Meta Made Millions in Ads From Networks of Fake Accounts

When Meta scores Zuckerberg was called to testify before Congress in 2018, Senator Orin Hatch asked him how Facebook made money. Since then, Zuckerberg’s response has become a kind of meme: “Senator, we run ads.”

Between July 2018 and April 2022, Meta earned at least $ 30.3 million in advertising revenue from the networks it removed from its own platforms to engage in non-genuine coordinated behavior (IPC), according to data collected for WIRED. Margarita Franklin, Meta’s head of security communications, confirmed to WIRED that the company will not return the ad money if a network is turned off. Franklin clarified that some of the money came from ads that did not violate company rules, but were published by the same public relations or marketing organizations that were later banned from participating in CIB operations.

A report from The Wall Street Journal estimates that by the end of 2021, Meta absorbed 17 percent of the money from the global advertising market and earned $ 114 billion with advertising. At least some of the money came from ads bought by networks that violate Meta policies and that the company itself has flagged and removed.

Photographs: Meta

“The global advertising industry is estimated to be between $ 400 billion and $ 700 billion,” said Claire Atkin, co-founder of the independent agency Check My Ads Institute. “This is a big brush, but no one knows how big the industry is. No one knows what’s going on inside.”

But Atkin says part of what makes information, including ads, feel legitimate on social media is the context in which they appear. “Facebook, Instagram, WhatsApp, this whole network within our Internet experience, is where we connect with our closest friends and family. This is a place on the Internet where we share our most intimate emotions about what is happening. in our lives, ”Atkin says. “This is our trusted location for the connection.”

For almost four years, Meta has published periodic reports identifying CIB networks of fake accounts and pages that aim to mislead users and, in many cases, drive propaganda or misinformation in a way designed to look organic and change public opinion. These networks can be managed by governments, independent groups, or public relations and marketing companies.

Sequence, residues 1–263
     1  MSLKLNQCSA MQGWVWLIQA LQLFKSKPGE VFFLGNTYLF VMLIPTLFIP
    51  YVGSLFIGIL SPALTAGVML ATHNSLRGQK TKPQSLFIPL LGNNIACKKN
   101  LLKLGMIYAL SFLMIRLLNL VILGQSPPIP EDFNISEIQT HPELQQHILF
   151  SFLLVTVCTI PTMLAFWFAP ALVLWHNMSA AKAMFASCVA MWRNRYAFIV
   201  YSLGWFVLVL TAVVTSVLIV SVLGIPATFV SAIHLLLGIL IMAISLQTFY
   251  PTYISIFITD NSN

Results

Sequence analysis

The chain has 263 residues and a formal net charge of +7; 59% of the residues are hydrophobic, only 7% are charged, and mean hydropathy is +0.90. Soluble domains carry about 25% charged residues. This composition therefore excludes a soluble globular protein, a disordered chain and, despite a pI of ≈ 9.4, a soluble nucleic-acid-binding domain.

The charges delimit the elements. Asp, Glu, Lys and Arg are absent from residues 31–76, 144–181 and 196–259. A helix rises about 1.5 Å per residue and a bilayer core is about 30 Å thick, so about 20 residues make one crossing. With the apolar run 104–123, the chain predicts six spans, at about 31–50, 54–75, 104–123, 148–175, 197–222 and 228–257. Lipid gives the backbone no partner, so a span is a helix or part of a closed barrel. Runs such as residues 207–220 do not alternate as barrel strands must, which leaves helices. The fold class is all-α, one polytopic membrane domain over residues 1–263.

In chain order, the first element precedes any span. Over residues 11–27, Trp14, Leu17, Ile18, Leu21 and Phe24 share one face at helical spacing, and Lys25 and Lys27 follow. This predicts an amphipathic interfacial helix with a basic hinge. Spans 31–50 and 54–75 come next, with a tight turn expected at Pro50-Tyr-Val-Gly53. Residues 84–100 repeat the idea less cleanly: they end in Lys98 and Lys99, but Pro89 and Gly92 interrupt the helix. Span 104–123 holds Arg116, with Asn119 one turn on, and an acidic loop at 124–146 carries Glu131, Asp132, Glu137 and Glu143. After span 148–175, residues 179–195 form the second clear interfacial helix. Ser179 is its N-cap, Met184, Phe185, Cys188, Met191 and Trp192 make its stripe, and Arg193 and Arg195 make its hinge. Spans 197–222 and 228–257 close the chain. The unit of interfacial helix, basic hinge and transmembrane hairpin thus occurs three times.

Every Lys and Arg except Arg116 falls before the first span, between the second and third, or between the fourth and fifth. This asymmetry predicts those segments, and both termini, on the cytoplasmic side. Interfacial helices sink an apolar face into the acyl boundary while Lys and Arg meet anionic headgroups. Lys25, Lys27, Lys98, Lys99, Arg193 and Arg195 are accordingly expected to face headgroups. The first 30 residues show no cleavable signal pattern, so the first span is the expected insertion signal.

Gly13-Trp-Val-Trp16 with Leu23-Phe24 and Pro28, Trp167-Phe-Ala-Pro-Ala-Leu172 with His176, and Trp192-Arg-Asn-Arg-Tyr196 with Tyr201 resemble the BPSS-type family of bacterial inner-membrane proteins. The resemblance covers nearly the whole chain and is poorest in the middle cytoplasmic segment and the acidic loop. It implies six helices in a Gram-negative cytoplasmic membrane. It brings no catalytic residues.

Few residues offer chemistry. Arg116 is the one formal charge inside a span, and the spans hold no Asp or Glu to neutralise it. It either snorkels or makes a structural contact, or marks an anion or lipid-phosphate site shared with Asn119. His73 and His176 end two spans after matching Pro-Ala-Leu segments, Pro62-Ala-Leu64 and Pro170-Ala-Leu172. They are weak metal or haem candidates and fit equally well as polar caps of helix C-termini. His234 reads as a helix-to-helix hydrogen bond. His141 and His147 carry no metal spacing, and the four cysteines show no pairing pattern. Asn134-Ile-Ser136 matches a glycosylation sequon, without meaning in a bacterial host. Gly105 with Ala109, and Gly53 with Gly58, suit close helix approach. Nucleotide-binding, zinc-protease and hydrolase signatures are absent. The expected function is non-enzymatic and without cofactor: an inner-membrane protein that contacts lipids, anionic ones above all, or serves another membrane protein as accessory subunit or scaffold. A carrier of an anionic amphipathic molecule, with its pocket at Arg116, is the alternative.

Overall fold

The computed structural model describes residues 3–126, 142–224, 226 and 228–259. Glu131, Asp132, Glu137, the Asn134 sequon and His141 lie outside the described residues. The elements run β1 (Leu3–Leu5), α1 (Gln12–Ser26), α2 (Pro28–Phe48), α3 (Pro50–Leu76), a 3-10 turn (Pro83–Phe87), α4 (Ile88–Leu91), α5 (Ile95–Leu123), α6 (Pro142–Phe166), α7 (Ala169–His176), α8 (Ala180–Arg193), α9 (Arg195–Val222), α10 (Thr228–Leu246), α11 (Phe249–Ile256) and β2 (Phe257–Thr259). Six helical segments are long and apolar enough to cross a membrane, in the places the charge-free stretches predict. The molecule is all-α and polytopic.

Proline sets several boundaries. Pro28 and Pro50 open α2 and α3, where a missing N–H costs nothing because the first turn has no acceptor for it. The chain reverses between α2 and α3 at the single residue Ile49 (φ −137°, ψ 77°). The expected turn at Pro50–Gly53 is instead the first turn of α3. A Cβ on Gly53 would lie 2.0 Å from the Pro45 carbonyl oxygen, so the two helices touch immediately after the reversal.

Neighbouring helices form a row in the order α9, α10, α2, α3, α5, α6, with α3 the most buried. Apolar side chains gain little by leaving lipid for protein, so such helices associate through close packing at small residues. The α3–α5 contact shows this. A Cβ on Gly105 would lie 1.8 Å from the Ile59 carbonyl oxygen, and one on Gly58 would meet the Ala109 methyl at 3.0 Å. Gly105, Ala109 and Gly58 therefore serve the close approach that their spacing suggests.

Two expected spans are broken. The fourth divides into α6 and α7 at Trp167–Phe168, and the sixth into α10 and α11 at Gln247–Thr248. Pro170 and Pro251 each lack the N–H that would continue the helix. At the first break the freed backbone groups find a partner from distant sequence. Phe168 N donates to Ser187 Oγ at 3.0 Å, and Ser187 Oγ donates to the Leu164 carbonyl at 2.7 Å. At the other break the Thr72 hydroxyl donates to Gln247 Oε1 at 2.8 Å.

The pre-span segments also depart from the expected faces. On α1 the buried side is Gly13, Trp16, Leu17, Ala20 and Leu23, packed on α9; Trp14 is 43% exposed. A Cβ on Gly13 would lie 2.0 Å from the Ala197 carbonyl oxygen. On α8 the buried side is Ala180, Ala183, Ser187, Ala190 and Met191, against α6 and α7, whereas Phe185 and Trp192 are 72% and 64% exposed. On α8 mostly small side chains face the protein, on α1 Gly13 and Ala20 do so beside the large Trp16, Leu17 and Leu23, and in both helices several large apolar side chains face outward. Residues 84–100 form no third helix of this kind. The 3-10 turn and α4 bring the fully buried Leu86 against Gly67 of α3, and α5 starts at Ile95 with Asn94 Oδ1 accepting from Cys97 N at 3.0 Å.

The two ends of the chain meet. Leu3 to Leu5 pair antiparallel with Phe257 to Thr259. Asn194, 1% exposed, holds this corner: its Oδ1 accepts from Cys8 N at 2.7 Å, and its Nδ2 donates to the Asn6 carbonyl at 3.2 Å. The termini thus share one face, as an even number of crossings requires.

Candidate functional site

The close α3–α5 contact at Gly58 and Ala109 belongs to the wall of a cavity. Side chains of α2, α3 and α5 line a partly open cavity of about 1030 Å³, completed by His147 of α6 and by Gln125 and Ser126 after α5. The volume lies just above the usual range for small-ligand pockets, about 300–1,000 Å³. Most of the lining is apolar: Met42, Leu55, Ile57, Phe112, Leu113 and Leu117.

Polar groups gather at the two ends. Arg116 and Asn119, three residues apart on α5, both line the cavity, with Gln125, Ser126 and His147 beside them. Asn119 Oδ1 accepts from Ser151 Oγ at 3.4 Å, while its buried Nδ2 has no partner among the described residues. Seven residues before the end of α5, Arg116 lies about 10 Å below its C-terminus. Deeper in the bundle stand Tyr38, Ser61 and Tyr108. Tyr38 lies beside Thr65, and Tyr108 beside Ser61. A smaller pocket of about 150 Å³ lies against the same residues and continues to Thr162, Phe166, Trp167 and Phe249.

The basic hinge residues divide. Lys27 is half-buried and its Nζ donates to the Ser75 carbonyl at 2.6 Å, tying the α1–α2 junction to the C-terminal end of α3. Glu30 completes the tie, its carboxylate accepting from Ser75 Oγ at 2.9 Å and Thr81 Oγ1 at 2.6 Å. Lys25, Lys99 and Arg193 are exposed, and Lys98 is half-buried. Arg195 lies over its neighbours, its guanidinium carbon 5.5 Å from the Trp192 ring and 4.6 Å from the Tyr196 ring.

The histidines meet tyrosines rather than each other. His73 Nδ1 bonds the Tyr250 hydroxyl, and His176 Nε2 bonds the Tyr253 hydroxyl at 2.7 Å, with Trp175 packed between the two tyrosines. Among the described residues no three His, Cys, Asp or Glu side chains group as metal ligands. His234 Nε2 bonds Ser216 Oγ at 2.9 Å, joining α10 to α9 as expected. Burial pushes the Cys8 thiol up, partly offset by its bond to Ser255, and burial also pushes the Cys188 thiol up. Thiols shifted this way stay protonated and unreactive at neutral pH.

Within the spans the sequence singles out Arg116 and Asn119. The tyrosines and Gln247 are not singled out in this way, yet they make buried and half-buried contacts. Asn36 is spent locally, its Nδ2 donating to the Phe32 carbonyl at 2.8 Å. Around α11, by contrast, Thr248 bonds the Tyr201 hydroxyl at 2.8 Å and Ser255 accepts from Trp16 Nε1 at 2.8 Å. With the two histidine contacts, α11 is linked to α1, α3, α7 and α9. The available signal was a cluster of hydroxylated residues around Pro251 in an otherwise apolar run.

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Last year, the company also began addressing what it called “coordinated social harm,” where networks used real accounts as part of their information operations. Nathaniel Gleicher, Meta’s head of security policy, announced the changes in a blog post, noting that “threat actors deliberately blur the lines between genuine and non-genuine activities, making enforcement more difficult to our whole industry “.

This change, however, demonstrates how specific the company’s criteria are for CIB, meaning that Meta may not have documented some networks that used other tactics. Sometimes, information transactions can use real accounts or run on behalf of a political action committee or LLC, making it more difficult to classify their behavior as “unauthentic”.

“One tactic that has been used most frequently, at least since 2016, has not been robots, but real people who go out and publish things,” says Sarah Kay Wiley, a researcher at the University of Tow Center for Digital Journalism. Columbia. “Facebook’s CIB reports are understandable, but it’s very difficult to detect.”


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Russia had the most ads on the networks that Meta identified as CIB and later removed. The United States, Ukraine, and Mexico were the most frequent targets, although almost all campaigns targeting Mexico were linked to national actors. (Meta public profit documents do not break down how much the company earns by country, only by region).

More than $ 22 million of the $ 30.3 million was spent on just seven channels, the largest of which was a $ 9.5 million global campaign connected to the anti-China right-wing media group that was there. behind Epoch Times.

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